Last month I had the pleasure of taking the Luma Institute Train the Trainers workshop where I got a chance to immerse in practicing facilitation techniques based on human centered design principles. The workshop instructor Peter Maher is founder and CEO, of Luma Institute, and a Jedi Master. The co-facilitator was Amy Hedrick who works in Product and Design Innovation at Intuit. The curriculum was based on their “Innovating for People” design methods recipe book and “taxonomy for innovation.”
What is Human Centered Design? Is it only used by people with artistic talents and graphic design skills? Anyone can be a designer! These are methods for developing solutions (any type) in service of people. By applying this approach to program development or strategy, your nonprofit can get more impactful results.
We received copies of his Luma’s book and cards, “Innovation for People,” which is a synthesis of landscape analysis of design-thinking and human centered design methods. A frequent question Peter is asked about how an organization can become more innovative. “What are the skills that we need to practice for 10,000 hours? His response:
- Looking: Observing human experience
- Understanding: Methods for Analyzing Challenges and Opportunities
- Making: Methods for Envisioning Future Possibilities
Six month agos, I was introduced to Luma Institute’s work as a participant in a Foundation convening to get ideas for their digital strategy development. I not only learned a huge amount, but I was able to systematically apply and iterate with the techniques over the last year.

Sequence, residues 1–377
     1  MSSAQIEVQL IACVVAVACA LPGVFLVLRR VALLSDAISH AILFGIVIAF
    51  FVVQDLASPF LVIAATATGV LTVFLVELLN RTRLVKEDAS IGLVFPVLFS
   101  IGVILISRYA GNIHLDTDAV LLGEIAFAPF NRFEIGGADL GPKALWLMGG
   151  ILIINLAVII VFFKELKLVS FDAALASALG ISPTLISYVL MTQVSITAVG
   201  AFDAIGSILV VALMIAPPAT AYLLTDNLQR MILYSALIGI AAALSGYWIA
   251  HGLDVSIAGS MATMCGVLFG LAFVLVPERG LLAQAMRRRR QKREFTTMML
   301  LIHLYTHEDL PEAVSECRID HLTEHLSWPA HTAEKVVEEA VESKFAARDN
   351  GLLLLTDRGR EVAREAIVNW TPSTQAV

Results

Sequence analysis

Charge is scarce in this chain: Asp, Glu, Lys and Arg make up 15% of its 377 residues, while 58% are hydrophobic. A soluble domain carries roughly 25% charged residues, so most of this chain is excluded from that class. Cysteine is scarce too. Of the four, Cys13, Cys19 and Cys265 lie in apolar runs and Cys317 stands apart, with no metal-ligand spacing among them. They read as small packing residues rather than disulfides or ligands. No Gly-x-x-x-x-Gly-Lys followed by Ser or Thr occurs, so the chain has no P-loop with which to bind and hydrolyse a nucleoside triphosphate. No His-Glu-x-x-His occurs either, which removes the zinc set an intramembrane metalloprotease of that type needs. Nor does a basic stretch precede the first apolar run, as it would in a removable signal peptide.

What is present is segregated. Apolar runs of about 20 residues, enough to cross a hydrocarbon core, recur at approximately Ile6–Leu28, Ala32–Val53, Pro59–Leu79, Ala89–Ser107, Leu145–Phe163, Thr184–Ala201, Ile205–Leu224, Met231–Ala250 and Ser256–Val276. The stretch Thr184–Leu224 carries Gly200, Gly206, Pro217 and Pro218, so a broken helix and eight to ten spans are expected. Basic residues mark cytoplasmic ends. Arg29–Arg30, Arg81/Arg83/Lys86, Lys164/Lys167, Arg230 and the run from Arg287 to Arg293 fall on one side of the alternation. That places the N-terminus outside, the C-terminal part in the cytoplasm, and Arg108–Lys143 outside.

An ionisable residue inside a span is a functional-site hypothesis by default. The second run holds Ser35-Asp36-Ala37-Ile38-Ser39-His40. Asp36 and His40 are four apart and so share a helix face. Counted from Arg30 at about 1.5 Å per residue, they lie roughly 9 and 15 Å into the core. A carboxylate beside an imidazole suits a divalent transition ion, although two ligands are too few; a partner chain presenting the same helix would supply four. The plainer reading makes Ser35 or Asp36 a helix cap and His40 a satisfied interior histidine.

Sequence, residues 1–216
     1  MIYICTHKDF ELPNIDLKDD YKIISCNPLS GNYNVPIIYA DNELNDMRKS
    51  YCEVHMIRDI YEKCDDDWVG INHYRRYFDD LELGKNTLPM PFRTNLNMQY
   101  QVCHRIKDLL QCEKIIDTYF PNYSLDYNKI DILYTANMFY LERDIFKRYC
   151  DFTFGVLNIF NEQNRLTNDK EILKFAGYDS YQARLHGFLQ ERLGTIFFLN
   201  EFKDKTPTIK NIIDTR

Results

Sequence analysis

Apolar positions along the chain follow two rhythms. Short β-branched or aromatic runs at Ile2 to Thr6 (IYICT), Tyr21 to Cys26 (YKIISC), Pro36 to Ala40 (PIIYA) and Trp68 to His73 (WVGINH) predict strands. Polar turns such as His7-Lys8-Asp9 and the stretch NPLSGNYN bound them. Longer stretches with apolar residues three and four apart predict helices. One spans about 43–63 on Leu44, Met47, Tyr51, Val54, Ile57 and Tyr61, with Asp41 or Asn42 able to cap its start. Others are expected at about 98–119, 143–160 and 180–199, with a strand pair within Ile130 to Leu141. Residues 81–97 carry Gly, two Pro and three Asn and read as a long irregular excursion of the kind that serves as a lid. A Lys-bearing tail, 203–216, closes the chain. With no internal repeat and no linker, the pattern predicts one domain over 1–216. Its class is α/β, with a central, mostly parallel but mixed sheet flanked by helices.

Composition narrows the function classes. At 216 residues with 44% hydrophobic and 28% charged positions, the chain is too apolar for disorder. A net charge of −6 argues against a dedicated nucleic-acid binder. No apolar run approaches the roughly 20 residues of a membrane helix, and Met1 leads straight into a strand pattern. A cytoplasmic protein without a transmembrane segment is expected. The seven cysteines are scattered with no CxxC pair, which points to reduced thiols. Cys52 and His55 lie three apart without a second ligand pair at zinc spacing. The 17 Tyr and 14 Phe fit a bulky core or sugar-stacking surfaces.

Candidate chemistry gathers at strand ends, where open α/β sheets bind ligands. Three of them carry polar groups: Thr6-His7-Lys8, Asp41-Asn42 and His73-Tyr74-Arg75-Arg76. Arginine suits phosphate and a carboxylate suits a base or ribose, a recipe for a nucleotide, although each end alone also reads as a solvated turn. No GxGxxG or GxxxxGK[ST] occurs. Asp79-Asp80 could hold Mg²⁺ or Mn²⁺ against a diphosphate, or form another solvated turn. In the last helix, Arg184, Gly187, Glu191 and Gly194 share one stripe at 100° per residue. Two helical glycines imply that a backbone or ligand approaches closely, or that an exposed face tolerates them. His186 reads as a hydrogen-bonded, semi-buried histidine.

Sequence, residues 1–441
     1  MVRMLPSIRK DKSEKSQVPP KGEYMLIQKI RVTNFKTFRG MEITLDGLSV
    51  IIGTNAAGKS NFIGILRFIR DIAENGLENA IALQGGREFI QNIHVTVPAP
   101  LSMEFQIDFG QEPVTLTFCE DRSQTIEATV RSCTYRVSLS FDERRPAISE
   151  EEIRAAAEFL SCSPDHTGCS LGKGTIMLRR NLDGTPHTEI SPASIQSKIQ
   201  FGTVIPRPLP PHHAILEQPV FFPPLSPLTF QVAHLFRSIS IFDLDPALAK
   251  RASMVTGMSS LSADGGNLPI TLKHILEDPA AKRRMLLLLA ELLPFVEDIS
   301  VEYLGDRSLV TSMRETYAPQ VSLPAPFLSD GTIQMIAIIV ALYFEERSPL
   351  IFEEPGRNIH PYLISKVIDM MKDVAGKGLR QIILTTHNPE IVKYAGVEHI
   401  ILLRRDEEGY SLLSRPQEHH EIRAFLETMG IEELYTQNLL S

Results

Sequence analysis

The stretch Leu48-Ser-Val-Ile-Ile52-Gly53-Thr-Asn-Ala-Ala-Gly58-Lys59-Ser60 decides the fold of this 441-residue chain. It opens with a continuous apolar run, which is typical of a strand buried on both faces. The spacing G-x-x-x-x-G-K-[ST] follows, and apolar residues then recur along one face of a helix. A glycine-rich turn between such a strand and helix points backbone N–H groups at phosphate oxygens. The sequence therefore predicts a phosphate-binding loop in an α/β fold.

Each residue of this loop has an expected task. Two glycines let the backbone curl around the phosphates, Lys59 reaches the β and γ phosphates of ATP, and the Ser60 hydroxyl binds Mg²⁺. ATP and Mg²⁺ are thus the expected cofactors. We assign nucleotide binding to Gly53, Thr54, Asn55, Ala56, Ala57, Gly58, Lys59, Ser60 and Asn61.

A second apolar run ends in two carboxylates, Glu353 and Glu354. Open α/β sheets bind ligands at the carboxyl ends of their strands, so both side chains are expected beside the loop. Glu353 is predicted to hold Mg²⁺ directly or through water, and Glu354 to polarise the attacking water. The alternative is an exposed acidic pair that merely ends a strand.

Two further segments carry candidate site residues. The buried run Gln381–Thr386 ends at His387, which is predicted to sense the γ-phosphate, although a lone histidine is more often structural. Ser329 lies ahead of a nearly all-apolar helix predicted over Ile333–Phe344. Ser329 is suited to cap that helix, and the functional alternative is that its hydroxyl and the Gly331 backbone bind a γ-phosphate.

I was excited to take my learning much deeper with a two-day immersive workshop with participants who run innovation labs. The sessions focused on how to combine various techniques together to achieve a specific goal and while there was a lot of “facilitating with sticky notes,” the overall process was larger than that.
Here’s a some of what I learned about facilitating innovation and train the trainers design.
A Good Opening Opens Possibilities from Learning from Other Participants
The workshop had 16 participants, mostly people who run innovation and research labs from corporations. Since we were spending two days together, working on collaborative exercises, a good opening where we could introduce ourselves and make connections was important.
We introduced ourselves by drawing a picture on a sticky note and using the speech bubble sticky to articulate a challenge in our practice. Next, each person got to introduce themselves and their challenge, while the instructor, Pete Maher, expertly facilitated a network map on the wall.
Being able to do concept mapping on the wall with sticky notes is a core technique in a number of the methods that we practiced throughout the two days. It was great to watch as master like Pete do this and have him share some of his tricks of the trade that I was immediately able to put into practice the next day.
Train the Trainer: Must Incorporate Exercises that Use Simulations
When you are learning a new facilitation or teaching technique, it is important to not only listen to a lecture about it, but to practice it in the class with guidance from the instructor and then apply on your own. For each technique we were introduced to do, we were given a situation or simulation to apply it. The exercises we did were done individually (think and read/write), pairs (interviews), and in small groups. We debriefed in full groups.